Pharmaceutical and personal care products (PPCPs) discharged with wastewater treatment plant (WWTP) effluents are an emerging surface water quality concern. Biological transformation has been identified as an important removal mechanism during wastewater treatment. The aim of this research was the identification of bacteria with characteristics for potential bioaugmentation to enhance PPCP removal. We report here the cultivation and characterization of bacteria capable of degrading PPCPs to ng/L concentrations. An isolation approach was developed using serial enrichment in mineral medium containing 1 mg/L of an individual PPCP as the sole organic carbon source available to heterotrophs until the original activated sludge inocula was diluted to ~10(-8) of its initial concentration, followed by colony growth on solid R2A agar. Eleven bacteria were isolated, eight that could remove triclosan, bisphenol A, ibuprofen, or 17?-estradiol to below 10 ng/L, one that could remove gemfibrozil to below 60 ng/L, and two that could remove triclosan or E2, but not to ng/L concentrations. Most bacterial isolates degraded contaminants during early growth when grown utilizing rich carbon sources and were only able to degrade the PPCPs on which they were isolated. Seven of the bacterial isolates were sphingomonads, including all the triclosan and bisphenol A degraders and the ibuprofen degrader. The study results indicate that the isolated bacteria may have a positive influence on removal in WWTPs if present at sufficient concentrations and may be useful for bioaugmentation. PMID:23455956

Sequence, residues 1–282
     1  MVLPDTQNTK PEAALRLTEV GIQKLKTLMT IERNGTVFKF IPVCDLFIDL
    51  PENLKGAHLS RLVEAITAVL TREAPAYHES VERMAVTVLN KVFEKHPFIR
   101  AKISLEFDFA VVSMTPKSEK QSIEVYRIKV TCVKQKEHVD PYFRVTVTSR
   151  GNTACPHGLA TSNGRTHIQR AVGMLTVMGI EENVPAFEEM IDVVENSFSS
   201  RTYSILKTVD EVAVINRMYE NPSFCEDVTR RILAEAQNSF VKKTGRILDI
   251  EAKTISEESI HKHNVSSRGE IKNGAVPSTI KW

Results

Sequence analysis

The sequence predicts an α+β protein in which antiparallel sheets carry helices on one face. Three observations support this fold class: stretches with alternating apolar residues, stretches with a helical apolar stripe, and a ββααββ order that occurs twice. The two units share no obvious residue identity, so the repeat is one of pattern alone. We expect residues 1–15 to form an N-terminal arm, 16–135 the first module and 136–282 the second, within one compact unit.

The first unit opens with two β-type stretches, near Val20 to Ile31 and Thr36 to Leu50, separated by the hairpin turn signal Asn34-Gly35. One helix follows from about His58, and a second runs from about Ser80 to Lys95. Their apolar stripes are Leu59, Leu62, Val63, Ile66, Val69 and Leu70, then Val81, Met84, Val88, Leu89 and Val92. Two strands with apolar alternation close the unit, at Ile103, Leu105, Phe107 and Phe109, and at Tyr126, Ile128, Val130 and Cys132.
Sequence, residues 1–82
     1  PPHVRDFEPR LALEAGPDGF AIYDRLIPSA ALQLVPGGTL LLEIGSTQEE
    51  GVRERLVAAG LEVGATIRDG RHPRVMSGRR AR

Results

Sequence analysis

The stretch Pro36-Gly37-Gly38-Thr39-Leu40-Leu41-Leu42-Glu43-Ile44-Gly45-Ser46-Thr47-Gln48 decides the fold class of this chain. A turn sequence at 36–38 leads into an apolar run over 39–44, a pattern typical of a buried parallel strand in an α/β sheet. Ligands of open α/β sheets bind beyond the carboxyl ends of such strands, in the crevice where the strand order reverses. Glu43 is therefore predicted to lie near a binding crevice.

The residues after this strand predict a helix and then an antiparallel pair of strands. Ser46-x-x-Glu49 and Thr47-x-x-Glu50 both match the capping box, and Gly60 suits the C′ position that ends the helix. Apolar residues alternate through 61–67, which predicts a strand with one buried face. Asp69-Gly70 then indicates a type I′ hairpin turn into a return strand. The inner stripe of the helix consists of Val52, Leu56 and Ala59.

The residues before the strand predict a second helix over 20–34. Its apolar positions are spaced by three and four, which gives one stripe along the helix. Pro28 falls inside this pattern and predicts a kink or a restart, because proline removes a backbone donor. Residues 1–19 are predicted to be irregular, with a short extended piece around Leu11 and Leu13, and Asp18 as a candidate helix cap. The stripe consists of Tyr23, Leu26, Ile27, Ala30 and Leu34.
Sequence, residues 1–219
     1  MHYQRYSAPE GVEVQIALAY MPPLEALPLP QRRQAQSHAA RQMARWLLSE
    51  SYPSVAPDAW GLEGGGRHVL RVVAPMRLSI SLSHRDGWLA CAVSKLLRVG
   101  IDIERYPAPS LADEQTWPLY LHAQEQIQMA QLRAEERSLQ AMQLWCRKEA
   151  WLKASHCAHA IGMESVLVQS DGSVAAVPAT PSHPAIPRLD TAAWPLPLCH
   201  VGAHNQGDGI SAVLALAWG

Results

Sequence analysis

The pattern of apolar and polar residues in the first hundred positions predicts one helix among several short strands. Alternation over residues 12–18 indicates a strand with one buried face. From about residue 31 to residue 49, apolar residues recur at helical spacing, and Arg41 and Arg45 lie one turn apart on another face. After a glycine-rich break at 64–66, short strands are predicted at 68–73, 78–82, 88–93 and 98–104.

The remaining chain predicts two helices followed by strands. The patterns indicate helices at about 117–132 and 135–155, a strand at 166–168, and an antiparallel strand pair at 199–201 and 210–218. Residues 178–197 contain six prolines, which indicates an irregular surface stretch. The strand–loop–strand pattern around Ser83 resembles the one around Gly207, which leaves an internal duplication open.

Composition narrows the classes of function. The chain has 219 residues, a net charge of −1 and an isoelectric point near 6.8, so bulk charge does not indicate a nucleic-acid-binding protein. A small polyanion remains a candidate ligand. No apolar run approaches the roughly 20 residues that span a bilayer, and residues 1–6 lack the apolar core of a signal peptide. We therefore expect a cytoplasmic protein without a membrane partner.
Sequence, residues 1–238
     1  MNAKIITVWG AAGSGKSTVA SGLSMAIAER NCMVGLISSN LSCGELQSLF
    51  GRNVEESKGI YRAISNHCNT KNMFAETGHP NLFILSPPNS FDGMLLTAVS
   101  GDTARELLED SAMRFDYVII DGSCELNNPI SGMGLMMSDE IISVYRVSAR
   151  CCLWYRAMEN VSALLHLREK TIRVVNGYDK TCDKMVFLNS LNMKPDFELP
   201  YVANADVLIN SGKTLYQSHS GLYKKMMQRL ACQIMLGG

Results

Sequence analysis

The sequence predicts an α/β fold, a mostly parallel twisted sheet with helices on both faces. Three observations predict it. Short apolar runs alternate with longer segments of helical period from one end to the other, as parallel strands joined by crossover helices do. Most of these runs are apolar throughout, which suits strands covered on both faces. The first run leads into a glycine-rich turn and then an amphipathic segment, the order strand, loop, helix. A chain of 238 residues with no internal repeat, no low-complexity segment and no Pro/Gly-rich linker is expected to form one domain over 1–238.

Zhou, Nicolette A; Lutovsky, April C; Andaker, Greta L; Gough, Heidi L; Ferguson, John F